The story of Adam and Eve reported in Genesis chapter 2:4b~3:24 is always associated with the teaching of ‘origin’, ‘sin’, ‘original sin’, ‘fall’ and ‘death’. However, there are some problems in this teaching. For example, if this story is associated with ‘origin’, some scholars object that it may not be the interest of original author. Moreover, in general and common sense understanding of ‘fall’, it may be used to describe a situation of ‘come or go down from force of weight, loss of balance, descend or drop’. Thus, if one ‘labels’ the main theme of the story is ‘fall’, it implies that Adam and Eve ‘drop’ from a certain status. However, some scholars suggest that it may overload the original meaning prepared by original author. Moreover, it is questioned if it is really a ‘fall down’ as it may be considered as maturation. Thus, the main theme may be the ‘fall’ up of human on the other hand. In fact, there are numerous and even contradicting interpretations on this famous story. The main work of this thesis is working out the main theme of the story of original author. The identified main theme should be meaningful to contemporary readers as well. The basic holding of this paper is that the main theme of the story of Adam and Eve intended to be delivered by original author involving the participation of readers as ‘human’s decision in following God’s command’.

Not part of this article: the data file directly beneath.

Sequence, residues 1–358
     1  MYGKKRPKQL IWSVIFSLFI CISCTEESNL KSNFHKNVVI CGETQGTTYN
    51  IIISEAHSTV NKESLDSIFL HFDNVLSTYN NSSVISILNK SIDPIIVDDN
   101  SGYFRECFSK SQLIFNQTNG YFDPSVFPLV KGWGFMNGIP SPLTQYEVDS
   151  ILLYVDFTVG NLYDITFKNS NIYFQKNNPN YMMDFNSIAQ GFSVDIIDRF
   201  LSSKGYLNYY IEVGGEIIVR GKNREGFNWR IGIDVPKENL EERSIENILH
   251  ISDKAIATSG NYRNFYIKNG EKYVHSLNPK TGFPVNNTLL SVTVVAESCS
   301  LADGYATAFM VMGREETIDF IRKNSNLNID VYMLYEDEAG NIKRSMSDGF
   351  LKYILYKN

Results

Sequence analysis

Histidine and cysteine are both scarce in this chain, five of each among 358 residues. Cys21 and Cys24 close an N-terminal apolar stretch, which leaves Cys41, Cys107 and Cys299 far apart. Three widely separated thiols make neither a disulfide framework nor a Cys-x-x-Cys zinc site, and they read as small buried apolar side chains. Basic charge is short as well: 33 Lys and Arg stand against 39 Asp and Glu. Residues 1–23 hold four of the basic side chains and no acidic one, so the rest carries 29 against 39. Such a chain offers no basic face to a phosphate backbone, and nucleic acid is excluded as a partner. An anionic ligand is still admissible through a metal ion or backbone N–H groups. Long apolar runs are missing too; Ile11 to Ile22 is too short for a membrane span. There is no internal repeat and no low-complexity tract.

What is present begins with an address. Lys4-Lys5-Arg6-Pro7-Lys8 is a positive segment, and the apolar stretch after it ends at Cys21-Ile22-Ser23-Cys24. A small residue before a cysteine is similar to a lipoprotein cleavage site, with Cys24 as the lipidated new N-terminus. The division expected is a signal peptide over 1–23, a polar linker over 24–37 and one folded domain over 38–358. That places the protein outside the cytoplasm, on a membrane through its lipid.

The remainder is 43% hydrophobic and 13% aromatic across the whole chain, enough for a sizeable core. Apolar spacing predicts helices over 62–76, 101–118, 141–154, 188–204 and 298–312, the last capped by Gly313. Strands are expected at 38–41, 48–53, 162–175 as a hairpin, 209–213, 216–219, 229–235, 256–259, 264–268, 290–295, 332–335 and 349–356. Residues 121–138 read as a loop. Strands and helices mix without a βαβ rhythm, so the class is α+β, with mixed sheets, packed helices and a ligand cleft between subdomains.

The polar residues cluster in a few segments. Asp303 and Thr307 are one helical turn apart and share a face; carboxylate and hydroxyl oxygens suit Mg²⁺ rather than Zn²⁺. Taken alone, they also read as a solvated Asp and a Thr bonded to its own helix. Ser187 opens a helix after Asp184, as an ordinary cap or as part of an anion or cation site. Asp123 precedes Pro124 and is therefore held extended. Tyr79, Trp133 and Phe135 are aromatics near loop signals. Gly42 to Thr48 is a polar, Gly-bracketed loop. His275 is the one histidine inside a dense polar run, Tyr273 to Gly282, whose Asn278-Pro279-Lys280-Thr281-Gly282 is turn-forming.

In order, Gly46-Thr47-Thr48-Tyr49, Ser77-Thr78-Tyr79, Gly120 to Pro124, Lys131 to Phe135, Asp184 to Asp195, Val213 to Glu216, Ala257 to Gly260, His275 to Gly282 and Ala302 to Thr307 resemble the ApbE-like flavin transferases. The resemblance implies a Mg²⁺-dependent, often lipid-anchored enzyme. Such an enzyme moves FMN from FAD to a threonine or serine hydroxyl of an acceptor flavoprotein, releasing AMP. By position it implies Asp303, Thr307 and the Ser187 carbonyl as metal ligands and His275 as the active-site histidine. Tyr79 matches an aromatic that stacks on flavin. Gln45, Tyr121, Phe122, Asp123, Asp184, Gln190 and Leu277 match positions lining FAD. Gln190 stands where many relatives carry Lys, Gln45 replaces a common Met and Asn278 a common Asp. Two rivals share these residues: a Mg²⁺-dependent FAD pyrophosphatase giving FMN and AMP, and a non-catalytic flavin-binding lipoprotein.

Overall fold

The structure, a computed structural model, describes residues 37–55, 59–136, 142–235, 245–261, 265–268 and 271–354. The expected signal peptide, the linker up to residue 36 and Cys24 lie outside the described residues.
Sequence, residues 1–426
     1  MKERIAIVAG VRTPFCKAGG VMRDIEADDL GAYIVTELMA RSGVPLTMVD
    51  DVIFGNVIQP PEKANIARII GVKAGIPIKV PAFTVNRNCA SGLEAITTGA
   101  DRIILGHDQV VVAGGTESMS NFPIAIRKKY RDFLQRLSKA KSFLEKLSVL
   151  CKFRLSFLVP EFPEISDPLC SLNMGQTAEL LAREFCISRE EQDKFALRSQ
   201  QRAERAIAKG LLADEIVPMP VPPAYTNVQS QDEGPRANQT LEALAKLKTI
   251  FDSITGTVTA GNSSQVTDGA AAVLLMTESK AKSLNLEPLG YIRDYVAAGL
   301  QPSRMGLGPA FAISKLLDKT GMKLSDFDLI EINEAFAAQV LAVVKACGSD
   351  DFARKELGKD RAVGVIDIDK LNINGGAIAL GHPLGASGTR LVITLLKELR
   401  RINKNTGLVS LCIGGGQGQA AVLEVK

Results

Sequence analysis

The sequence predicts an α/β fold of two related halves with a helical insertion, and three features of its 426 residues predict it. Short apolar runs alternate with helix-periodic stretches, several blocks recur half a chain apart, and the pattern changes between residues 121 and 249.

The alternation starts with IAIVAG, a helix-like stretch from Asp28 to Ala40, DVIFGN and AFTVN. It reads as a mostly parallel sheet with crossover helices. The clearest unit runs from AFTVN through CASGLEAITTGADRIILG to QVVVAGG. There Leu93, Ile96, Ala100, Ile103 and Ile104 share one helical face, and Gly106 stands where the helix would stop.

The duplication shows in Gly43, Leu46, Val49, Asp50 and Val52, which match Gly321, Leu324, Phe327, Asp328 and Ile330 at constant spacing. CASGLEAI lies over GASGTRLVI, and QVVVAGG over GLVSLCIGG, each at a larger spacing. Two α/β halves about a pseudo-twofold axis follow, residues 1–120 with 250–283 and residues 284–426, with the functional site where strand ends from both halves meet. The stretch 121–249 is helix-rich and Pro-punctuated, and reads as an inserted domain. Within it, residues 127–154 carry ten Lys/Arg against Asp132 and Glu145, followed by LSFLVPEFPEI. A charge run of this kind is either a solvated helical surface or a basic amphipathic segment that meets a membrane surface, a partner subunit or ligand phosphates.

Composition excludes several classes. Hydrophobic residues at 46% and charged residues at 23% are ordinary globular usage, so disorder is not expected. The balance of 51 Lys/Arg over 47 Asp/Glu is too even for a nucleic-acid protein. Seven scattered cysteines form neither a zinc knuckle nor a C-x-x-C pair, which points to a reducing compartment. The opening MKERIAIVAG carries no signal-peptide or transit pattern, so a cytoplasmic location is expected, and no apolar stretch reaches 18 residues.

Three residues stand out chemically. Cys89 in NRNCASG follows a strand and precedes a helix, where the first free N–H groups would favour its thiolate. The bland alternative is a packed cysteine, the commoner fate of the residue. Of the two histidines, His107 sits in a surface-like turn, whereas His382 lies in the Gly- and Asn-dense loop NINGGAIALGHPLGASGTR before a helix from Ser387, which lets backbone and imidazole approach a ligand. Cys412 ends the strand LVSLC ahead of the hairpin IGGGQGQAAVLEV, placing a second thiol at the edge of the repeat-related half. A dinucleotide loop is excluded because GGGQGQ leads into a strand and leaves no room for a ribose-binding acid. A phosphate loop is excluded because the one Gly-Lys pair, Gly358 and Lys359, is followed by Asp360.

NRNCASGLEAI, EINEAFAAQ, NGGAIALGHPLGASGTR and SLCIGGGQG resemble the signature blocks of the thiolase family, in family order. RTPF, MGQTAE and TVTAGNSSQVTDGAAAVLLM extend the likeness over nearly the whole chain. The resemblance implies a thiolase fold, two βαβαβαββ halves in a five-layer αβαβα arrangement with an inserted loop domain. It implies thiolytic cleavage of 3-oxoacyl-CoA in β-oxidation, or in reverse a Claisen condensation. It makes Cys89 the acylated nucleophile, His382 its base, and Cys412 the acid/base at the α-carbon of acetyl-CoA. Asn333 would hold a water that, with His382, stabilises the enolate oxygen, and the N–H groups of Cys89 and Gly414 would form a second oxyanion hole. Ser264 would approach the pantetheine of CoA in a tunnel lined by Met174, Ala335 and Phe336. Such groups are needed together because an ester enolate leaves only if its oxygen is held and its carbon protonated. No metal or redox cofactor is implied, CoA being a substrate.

1.1 Structure of this Paper
There are four major sections in this paper. Firstly, the chapter of introduction will introduce some basic concepts related to this study including the working definition of ‘theme’. Three criteria of the theme will be laid as a frame of reference of this study. Moreover, some related terminology will be introduced. Secondly, there is a section of the reviews of previous work, which aims at a board understanding of the complexity about the problem of the theme of the story of Adam and Eve. Different methodologies and suggested themes will be introduced and commented. Then, it will explain why the literary study is selected as the most appropriate methodology for this study. Thirdly, the exegesis with literary study (emphasizing the narrative skills) will be used to analyze the story in seven scenes. Then, the suggested theme will be checked against with the three criteria of identifying a theme stated in chapter two. Finally, a conclusion will be made.
1.2 Definition of ‘Theme’: Three Criteria
The focus of present study is the main ‘theme’ of the story of Adam and Eve, it is necessary to have a clear formulation of the meaning of the term ‘theme’ that lays a boundary and direction for further studies. Cline distinguishes the meaning of ‘theme’ from four similar words: ‘intention’, ‘motif’, ‘plot’ and ‘subject’.